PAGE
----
He has not provided any evidence for these claims, but shows no sign of backing down and looks prepared to back Assad to the end.
Rex Tillerson, Trump’s Secretary of State, has been dispatched to Russia in an attempt to get Putin to climb down and start to apply pressure to Assad – perhaps by imposing sanctions.
Boris Johnson tried and failed to get the European Union to also apply sanctions, but this proposal was rejected, and it is already evident that sanctions are not enough.
They only serve to hurt the Syrian population, who have already suffered enough. It is the administration that has to feel the consequences, not the people.
Trump’s intervention has led directly to a worsening of relations between America and Russia, which has been described as being at its worstsince the Cold War. It might be speculated that Putin is regretting his support of Trump.
The reset of relations on which he campaigned, and his apparent like for Putin, seem to have not counted for very much once he got into office – unless he meant to reset to the Cold War.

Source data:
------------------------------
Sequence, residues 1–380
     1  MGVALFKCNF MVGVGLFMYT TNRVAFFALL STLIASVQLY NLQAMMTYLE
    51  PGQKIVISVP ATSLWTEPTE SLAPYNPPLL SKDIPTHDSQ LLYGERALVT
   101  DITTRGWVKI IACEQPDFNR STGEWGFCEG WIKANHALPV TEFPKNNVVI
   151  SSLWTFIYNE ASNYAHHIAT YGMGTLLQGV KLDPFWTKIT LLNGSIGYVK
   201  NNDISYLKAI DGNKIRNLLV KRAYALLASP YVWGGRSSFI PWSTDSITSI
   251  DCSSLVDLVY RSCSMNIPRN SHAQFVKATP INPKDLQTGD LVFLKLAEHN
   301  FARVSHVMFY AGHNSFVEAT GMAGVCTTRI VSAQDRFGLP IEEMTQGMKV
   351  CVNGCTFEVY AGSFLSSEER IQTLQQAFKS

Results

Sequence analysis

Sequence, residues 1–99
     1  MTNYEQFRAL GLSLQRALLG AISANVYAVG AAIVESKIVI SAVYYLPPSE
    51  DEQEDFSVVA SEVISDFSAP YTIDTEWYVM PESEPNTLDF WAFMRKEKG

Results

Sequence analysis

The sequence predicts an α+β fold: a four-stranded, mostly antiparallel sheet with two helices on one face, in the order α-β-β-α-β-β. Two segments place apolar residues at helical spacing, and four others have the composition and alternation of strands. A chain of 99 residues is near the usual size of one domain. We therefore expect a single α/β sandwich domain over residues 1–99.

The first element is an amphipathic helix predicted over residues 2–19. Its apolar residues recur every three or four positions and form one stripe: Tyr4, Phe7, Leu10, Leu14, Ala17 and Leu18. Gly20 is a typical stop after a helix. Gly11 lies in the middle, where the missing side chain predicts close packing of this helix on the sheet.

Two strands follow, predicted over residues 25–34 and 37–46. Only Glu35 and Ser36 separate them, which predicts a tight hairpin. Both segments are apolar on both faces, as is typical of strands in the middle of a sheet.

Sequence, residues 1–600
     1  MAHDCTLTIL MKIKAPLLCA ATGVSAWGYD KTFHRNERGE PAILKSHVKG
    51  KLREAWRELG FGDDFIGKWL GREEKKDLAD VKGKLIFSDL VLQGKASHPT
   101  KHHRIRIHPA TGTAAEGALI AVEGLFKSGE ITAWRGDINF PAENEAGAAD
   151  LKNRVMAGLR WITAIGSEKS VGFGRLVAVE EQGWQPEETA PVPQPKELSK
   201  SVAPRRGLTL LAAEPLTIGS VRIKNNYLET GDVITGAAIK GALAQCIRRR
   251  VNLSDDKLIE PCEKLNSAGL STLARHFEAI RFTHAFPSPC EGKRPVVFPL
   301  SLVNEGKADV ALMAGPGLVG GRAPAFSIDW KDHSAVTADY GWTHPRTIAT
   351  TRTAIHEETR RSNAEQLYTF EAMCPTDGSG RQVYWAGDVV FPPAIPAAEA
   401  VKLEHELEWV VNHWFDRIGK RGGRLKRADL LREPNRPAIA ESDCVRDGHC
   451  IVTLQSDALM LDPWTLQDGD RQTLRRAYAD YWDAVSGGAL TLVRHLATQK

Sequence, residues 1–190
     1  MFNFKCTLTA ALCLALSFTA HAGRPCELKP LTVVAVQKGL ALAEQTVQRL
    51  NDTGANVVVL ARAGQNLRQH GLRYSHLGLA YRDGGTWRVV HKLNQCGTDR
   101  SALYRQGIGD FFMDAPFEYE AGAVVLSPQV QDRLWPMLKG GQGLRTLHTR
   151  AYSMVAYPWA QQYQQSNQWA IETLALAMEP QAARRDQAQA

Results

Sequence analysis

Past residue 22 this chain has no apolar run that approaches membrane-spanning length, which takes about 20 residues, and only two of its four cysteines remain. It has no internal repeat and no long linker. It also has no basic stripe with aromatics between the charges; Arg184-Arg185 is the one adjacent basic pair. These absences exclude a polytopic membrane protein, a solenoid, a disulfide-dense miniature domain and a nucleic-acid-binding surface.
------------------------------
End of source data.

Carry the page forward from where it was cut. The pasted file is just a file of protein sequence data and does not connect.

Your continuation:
Yet despite the geopolitical consequences of Trump’s intervention, it is without doubt justified. Other methods have been tried, and they have failed.
If the United States wants to maintain its role as world policemen, it has to be prepared to enforce international law.
The attack was not disproportionate; it was a warning of what the US is capable of under a president who, despite his many flaws, is not afraid of being Commander in Chief.
It seems that since coming to power Trump has googled what a president does, and, after a brief browse of Wikipedia, has concluded that military means are the best way of ‘doing diplomacy’. Except there is absolutely nothing diplomatic about launching air strikes on a country 7000 miles away and starting a potential international crisis for the outcome of nothing more than a couple of marginally damaged buildings. I remember when I used to walk past my primary school head teacher’s office and feel an undying urge to throw a water balloon in there or put a whoopee cushion under his chair. Donald Trump seems It’s often said that fighting fire with fire is a show of power, a sign of never backing down or to have adopted the same mindless curiosity for his foreign policy, except the difference between he and I is that a) I don’t act like an eight-year-old anymore, and b) juvenile practical jokes become slightly more serious when your options for pranking are either nuclear weapons or a declaration of war.